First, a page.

Nature Connection – Habitat 101.4 — Amazing Grassland!

Grasslands cover a large part of the land surface of the world, and I’m particularly fond of them, since I grew up on land which was tallgrass prairie prior to the settlement of the central United States about a hundred and fifty years ago. After settlement, west central Oklahoma became wheat country, with miles and miles of rolling prairie converted to plowed cropland. Today the area still grows wheat, as well as other grain crops like sorghum and alfalfa. The land even supports vineyards in years of ample rainfall.

Any place where enough rain falls, grasses grow. These places typically don’t get enough water to support the growth of trees, but grasses with their deep roots do just fine.  Less rain than that, desertland will exist because most plants can’t survive. If there is enough rain, trees take root and take over, eventually preventing the successful growth of grasses.

The borders of grassland areas move, depending on the amount of rainfall received that year. Trees are ever willing to intrude and take over wet areas; desert creeps in to take over when plants can’t survive.

Grasslands are the habitat of many, many animals. When visiting grasslands, you are likely to see many hawks and large soaring birds, as well as songbirds, owls and sparrows. Different species of rats and mice, voles, gophers, skunks and prairie dogs call grasslands home. Pronghorn, deer and bison, snakes, toads, ground squirrels and lizards live in grassland habitat.

Each of these animals is equipped to live best in grasslands. The food they prefer lives there, whether that may be grasses, herbs or small trees, or insects and small mammals. Their bodies can survive in grasslands, where plenty of space, water, food and shelter is found.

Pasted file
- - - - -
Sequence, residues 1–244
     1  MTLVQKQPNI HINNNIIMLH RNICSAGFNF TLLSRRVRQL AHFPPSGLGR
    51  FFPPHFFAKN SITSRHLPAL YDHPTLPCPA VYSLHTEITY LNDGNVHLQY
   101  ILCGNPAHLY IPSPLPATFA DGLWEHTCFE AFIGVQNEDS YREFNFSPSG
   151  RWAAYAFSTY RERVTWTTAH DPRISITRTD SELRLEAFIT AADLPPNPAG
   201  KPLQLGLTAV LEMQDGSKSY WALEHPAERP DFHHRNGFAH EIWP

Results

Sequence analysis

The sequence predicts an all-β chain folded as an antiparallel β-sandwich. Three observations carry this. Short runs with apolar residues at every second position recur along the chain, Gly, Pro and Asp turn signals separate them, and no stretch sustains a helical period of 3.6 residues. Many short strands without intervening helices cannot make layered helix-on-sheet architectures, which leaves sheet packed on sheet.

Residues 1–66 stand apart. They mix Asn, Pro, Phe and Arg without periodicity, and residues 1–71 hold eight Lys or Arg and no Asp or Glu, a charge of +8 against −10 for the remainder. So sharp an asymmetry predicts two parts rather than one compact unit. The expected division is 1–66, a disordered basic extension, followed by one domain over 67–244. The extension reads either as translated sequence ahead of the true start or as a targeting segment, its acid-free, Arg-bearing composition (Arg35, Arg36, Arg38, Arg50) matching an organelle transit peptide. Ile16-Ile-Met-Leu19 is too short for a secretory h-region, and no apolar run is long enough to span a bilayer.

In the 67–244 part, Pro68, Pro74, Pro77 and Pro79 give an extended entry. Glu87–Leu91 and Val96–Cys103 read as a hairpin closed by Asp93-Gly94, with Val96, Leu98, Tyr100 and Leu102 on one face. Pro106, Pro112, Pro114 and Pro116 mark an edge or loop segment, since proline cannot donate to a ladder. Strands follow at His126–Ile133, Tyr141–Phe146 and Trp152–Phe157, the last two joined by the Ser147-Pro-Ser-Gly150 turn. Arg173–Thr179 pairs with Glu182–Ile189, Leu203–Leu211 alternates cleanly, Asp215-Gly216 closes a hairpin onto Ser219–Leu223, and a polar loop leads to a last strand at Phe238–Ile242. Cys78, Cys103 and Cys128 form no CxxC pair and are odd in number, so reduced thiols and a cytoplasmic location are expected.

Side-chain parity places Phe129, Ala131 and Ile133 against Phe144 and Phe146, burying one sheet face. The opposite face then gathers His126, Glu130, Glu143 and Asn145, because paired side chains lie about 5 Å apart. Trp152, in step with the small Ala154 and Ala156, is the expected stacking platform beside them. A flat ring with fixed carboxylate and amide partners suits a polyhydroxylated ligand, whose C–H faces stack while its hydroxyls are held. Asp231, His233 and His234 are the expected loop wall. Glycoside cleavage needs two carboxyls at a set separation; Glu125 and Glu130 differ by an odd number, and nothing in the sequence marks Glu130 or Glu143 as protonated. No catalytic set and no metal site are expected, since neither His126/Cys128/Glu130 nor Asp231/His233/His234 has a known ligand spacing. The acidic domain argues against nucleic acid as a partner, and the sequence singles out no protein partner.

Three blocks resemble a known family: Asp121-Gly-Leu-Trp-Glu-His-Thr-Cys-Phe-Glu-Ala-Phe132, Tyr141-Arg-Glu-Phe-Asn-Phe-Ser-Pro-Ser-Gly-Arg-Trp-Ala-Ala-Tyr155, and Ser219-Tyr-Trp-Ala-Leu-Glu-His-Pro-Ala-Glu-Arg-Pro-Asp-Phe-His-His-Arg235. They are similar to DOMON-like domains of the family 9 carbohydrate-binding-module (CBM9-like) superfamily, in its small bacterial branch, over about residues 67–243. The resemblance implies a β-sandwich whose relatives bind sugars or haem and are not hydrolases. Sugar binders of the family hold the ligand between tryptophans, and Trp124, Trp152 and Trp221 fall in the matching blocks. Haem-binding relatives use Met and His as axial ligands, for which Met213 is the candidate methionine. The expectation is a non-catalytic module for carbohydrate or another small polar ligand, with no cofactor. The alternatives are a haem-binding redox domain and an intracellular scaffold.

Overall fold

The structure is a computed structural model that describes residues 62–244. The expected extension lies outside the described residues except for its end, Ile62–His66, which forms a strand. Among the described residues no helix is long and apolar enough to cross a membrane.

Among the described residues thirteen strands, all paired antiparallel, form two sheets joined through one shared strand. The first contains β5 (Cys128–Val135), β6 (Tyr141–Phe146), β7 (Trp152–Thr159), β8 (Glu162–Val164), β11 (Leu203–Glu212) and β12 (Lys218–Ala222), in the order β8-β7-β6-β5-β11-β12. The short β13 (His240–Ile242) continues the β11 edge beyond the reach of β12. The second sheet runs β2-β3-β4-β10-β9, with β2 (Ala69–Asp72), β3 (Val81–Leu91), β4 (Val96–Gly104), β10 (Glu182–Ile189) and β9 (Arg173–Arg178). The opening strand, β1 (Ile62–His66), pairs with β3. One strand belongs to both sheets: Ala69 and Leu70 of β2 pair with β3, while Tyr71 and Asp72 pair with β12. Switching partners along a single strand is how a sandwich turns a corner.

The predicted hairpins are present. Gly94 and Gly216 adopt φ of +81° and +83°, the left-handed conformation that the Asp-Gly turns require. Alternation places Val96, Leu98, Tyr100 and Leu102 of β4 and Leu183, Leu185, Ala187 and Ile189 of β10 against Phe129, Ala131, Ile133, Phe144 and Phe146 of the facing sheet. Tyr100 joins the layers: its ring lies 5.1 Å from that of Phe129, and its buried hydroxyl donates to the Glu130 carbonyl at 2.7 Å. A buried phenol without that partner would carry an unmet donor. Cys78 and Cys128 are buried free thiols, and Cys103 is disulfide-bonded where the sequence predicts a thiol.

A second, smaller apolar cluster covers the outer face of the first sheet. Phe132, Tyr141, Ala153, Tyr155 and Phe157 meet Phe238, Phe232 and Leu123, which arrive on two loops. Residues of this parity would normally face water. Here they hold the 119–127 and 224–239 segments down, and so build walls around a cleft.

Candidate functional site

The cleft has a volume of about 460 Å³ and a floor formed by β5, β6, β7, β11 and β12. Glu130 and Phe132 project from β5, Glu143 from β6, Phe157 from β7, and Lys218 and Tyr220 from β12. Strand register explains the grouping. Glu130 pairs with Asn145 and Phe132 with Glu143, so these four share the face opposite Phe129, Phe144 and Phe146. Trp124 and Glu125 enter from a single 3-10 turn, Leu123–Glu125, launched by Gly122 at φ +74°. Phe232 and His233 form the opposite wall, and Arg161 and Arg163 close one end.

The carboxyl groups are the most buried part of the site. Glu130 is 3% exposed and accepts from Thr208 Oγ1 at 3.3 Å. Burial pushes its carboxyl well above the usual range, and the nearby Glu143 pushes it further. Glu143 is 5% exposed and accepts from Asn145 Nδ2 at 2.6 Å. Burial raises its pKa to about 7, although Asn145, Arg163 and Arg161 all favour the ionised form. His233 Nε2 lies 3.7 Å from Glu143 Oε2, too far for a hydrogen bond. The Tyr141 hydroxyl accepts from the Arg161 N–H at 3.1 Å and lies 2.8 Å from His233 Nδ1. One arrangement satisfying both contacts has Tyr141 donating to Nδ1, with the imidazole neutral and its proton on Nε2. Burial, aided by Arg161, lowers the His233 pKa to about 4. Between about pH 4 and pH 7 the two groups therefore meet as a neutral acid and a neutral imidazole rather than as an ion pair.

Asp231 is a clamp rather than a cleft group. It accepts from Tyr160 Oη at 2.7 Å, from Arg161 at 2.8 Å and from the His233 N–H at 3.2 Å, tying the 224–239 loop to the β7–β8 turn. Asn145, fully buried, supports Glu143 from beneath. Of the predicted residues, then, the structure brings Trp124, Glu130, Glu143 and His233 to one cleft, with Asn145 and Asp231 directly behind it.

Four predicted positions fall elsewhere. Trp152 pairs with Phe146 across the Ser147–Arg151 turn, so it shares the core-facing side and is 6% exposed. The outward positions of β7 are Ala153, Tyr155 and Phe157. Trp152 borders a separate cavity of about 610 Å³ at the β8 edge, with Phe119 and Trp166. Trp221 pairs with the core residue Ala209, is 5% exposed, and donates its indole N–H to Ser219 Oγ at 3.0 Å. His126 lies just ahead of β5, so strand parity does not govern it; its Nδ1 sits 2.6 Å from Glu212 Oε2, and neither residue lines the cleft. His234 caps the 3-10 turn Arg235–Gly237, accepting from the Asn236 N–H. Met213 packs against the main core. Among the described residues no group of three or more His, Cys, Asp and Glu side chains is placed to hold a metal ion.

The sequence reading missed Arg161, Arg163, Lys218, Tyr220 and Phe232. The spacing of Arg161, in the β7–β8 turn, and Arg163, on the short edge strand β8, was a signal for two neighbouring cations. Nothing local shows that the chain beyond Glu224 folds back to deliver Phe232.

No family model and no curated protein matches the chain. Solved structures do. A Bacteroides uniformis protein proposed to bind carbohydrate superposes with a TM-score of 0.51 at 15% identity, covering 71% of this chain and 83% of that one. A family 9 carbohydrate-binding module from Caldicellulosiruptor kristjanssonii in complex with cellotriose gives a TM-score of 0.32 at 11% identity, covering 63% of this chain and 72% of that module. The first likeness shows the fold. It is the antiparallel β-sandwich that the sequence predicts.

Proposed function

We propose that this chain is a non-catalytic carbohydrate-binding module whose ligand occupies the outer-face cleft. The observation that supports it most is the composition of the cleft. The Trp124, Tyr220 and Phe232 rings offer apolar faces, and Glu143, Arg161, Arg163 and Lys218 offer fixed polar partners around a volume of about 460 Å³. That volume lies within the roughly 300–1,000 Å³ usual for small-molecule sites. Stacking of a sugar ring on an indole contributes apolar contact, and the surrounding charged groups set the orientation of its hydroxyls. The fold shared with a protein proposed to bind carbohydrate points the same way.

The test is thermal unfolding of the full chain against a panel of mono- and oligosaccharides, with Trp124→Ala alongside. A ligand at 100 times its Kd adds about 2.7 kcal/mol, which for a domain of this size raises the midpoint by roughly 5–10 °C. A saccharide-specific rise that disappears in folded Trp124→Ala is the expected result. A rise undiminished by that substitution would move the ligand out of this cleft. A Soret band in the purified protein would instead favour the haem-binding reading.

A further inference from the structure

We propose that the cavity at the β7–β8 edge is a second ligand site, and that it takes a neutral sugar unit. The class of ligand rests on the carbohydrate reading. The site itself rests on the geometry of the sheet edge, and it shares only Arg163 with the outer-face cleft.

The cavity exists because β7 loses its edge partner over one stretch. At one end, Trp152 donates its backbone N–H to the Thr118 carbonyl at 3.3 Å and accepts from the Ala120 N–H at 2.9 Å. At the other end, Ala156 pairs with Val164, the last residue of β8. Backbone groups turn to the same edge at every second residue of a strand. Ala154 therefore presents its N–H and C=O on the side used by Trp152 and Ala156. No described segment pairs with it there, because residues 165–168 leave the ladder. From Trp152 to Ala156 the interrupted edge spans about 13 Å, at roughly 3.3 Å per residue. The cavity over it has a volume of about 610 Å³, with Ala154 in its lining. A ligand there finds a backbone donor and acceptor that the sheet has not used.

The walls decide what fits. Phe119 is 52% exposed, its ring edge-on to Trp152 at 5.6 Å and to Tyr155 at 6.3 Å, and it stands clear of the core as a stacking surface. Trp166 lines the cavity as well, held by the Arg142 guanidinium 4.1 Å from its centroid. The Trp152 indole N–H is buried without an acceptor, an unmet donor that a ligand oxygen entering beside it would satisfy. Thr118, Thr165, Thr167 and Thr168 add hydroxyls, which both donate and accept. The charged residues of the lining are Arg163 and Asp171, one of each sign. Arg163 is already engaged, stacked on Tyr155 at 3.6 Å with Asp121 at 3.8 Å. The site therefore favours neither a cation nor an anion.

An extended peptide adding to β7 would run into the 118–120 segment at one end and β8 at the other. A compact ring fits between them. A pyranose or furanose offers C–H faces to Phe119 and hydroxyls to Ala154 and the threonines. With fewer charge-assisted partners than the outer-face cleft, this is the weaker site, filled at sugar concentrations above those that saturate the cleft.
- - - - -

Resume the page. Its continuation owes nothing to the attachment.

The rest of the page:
Thousands of insect species live in grasslands, and some of them help pollinate the grass plants. But they don’t live just above the surface. Many use the prairie earth for at least part of their life cycle, while others, like worms and various beetles, live exclusively in the soil.

Finally, it is estimated that millions of different microscopic creatures are found in a square yard of prairie soil. These microbes make the soil of grasslands the richest in the world, and are one reason prairies became prime farmland throughout the central Unites States.

One mammal truly shaped the prairie – the American bison, commonly called a buffalo. These huge animals are the largest grazing animal in North America. Prior to settlement, some estimates say that as many as 50 million bison roamed most of the central portion of the country. Bison provided food and hides to the Native American peoples; body parts like horns, hoofs, tails and even internal organs were used to create many everyday articles used by these indigenous tribes.

When cattle were introduced by European settlers, and the West was opened to settlement, bison were hunted almost to extinction. But it was the constant movement of this massive animal, as it searched for the best grass and plentiful water, which is believed to have created true prairie.

There’s so much more to prairie! Use your internet browser to locate other resources.

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